Posts Tagged ‘concussions’

Former WWE Superstar Rob Van Dam remains sporadically active on the independent circuit, even at 46 years old, but you won’t see the popular star back on Raw or SmackDown anytime soon.

According to, a “visual impairment” caused by a concussion suffered in November 2016 has “disqualified [me] from working for WWE,” as per the terms outlined in the company’s Concussion Management Program protocol. The claims were made in papers filed as part of RVD’s ongoing divorce proceedings.

The former WWE and ECW Champion suffered the affliction while wrestling Pentagon Jr. for England’s Preston City Wrestling. It saw the veteran fly out of the ring and use a steel chair, with RVD taking a couple of big bumps throughout, though he was competing again by December.

Now in his 27th year in the business, Van Dam claims he has “aged out” of wrestling partly because of his inability to rejoin WWE, which has “substantially reduced” his income. He last worked for the company back in August 2014, but has fulfilled a number of independent dates in 2017, including a featured spot at ICW’s flagship Fear & Loathing event last month.


Edge spoke with ESPN on a number of wrestling topics. Here are some of the highlights:

Life after pro wrestling:

“I had no aspirations after wrestling. I truly just assumed I would retire, grow a big beard, sit on my deck and figure out what was next. If it was nothing, I was OK with that. I pretty much immediately did ‘Haven,’ but still had no kind of false aspirations that this was something that I’d be good at, or would want to do outside of just a couple episodes. It’d be fun, and that will be that.”

Starting E&C’s Pod of Awesomeness with Christian:

“It was one of those deals where Christian had approached me, because the company had approached him.I said I didn’t know — there’s like a thousand podcasts out there, what can we do that’s different? How do we make ours different than the other hundred out there? It’s different because it’s us. Because of our banter and our chemistry, and the fact that we’ve been best friends for 33 years. You can’t manufacture that. I think you can tell from listening to us that we’re just two idiots having a good time, shooting the breeze like we would anyway, just more wrestling centric.”

Daniel Bryan coming on their podcast and being very open about wanting to wrestler again and concussions:

“We’ve just ended up talking, and what has come out has been what you’ve heard. I think the only instance so far where I was surprised with how candid he was, was Bryan talking about the concussions. And a lot of that I didn’t even know, so it was really eye-opening and interesting to see all the steps that he’s taken with that.


One of the most consistent rivals of Daniel Bryan’s WWE career has been The Miz. Recently, “The A-Lister” spoke to Sports Illustrated about his desire to face Bryan in the ring again.

The Miz was involved in the early part of Bryan’s career when he mentored Bryan in NXT. They worked multiple programs with each other on the main roster, including during Bryan’s time as general manager of SmackDown Live. The Mizgained notoriety for his acclaimed tirade against Bryan during an episode of Talking Smack in August 2016, in which he called Bryan a coward for breaking his promise to the fans that he’d return to the ring. The Miz said he doesn’t know what Bryan’s plans are, but if he ever returned to the ring he’d welcome a match with him.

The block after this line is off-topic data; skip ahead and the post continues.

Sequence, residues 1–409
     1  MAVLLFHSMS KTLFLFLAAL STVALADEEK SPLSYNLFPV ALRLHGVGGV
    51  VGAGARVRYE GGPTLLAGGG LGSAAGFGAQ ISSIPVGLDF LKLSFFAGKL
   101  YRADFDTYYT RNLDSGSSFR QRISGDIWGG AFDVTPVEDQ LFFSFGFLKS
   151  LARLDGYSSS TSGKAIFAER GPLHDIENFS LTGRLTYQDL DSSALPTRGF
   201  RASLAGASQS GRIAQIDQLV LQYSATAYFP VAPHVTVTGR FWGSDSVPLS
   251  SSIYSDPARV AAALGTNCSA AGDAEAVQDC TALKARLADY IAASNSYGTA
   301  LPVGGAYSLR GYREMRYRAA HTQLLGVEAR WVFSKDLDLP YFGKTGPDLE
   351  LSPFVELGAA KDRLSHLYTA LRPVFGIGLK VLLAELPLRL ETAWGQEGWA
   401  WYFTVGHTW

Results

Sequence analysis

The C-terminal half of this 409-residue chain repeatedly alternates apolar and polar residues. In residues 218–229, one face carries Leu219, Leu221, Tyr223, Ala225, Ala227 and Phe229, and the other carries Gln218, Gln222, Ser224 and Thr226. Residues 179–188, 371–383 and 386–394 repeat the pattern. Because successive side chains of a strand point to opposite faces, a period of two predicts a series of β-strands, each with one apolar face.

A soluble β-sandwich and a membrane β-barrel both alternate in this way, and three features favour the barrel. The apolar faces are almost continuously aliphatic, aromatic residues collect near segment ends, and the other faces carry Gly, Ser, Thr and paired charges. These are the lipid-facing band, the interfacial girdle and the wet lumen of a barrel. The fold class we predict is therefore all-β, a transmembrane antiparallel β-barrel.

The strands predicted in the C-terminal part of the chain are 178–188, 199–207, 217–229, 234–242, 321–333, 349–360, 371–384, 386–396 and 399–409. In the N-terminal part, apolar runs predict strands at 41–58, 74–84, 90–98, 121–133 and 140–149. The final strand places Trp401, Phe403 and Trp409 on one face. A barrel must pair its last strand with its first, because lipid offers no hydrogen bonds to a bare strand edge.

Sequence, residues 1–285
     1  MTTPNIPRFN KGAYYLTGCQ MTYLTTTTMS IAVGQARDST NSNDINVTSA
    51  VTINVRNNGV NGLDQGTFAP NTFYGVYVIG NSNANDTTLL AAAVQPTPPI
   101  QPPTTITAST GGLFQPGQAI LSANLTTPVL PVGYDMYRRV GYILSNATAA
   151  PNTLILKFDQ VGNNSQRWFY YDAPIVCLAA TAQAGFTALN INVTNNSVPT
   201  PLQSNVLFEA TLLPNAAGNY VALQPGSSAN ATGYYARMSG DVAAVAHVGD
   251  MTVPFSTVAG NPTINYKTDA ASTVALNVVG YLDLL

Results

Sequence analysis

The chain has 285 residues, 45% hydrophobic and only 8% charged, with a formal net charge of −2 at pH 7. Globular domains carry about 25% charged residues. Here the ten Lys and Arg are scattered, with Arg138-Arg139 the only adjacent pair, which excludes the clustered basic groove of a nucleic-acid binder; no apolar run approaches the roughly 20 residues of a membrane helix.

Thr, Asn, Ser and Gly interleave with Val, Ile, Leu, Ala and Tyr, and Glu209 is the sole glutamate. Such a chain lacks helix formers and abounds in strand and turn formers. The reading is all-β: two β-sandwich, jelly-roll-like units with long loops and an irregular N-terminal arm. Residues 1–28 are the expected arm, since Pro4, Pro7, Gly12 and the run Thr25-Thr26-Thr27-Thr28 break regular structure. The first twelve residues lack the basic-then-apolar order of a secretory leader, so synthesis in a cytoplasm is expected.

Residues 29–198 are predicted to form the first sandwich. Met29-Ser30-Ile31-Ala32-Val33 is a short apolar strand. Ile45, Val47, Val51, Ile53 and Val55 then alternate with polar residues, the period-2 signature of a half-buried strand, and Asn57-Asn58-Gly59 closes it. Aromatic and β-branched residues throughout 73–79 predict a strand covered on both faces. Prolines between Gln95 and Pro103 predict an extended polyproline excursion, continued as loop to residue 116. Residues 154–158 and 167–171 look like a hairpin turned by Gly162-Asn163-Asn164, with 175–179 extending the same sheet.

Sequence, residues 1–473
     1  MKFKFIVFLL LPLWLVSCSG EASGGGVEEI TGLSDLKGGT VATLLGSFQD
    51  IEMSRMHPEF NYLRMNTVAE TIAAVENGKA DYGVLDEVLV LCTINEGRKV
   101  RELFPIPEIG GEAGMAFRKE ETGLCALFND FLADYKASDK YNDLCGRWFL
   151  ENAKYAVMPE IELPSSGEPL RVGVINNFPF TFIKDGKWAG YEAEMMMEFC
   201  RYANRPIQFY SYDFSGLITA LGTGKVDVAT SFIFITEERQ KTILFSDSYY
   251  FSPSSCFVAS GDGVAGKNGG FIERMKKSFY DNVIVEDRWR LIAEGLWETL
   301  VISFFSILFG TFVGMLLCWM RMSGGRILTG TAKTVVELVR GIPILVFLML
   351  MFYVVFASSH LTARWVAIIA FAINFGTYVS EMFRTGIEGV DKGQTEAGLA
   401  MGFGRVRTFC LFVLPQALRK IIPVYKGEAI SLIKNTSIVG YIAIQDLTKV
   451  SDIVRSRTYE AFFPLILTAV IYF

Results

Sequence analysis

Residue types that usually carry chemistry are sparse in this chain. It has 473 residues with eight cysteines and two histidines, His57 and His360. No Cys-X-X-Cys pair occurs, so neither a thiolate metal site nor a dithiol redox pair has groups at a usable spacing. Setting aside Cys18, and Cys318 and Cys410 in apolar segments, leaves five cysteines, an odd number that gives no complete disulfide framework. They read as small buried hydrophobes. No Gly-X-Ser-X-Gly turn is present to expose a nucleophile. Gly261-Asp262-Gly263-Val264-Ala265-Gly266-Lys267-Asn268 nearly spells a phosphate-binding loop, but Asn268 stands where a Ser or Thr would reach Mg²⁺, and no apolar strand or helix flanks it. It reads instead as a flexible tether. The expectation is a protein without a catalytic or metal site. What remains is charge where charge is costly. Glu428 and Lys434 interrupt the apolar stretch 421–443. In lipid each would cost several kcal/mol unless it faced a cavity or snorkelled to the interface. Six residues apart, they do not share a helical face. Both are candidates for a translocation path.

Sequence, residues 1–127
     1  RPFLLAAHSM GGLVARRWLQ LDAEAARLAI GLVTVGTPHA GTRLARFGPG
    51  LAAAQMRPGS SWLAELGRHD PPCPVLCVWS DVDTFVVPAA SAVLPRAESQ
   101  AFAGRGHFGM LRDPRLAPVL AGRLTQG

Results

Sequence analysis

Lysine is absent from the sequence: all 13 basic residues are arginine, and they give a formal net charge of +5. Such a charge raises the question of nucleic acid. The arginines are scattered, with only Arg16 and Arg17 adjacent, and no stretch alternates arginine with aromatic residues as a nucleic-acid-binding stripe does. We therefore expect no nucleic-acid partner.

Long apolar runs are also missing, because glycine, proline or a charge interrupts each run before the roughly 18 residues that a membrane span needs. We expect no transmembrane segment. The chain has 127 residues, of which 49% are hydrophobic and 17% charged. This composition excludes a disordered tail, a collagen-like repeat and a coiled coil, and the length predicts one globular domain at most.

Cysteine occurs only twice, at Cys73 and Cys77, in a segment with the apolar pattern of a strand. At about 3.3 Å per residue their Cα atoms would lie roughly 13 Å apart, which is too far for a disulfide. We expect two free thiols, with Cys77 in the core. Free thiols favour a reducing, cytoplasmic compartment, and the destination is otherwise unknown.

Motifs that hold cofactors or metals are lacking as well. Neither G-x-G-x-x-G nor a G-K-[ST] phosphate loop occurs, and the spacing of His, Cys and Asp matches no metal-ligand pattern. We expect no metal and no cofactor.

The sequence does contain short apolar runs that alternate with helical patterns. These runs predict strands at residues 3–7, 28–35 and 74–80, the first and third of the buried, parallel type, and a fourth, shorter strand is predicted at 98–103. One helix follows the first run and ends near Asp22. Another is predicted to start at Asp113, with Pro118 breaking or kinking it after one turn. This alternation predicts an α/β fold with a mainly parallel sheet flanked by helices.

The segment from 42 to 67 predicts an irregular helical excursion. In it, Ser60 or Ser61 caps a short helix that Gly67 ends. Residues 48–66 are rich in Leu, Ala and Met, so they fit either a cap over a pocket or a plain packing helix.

“I would love to beat him up. I would love to beat him up in a WWE ring, all day every day. But I don’t know what the plans are for Daniel. I know his passion is in the WWE ring, now whether that’s as a general manager or as a professional wrestler, I don’t know, I don’t know his plans,” The Miz said. “I know he’s working tremendously hard to get back in the WWE ring, and I [have my] fingers crossed because I would love to have a match with Daniel Bryan. He’s one of the best in-ring technicians that WWE has ever seen, and I would like to showcase how much better I am than him.”

Bryan has said that he’s doing everything in his power to return to performing again. His extensive history with concussions has been well-documented, so the WWE has been hesitant about allowing him to make an in-ring comeback. The Miz said as long as Bryan get’s medical clearance, he’d have no qualms about competing against him.

“If doctors sign him up and say, ‘Listen, this guy is OK,’ I am more willing to kick him in the chest, in the stomach, and hit him with the Skull-Crushing Finale a couple of times,” he said.

Researchers say former NFL linebacker Fred McNeill was the first living person identified with chronic traumatic encephalopathy (CTE).

A case study was published this week and Dr. Bennet Omalu, credited with discovering the disease in football players, confirmed to CNN’s Nadia Kounang that the unnamed subject in the report was McNeill, who died in 2015.

Only a brain exam after death can confirm the diagnosis of the degenerative brain disease. However, the presence of CTE was first discovered in 2012 through an experimental brain scan that revealed the presence of tau, a signature protein of CTE.

McNeill played for 12 seasons with the Minnesota Vikings, from 1974-1985.

Source: Busted Open Radio

Despite not being cleared to compete with the WWE, Daniel Bryan still has his mind set on returning to the ring. Speaking with Busted Open Radio, Bryan talked about his future in the ring.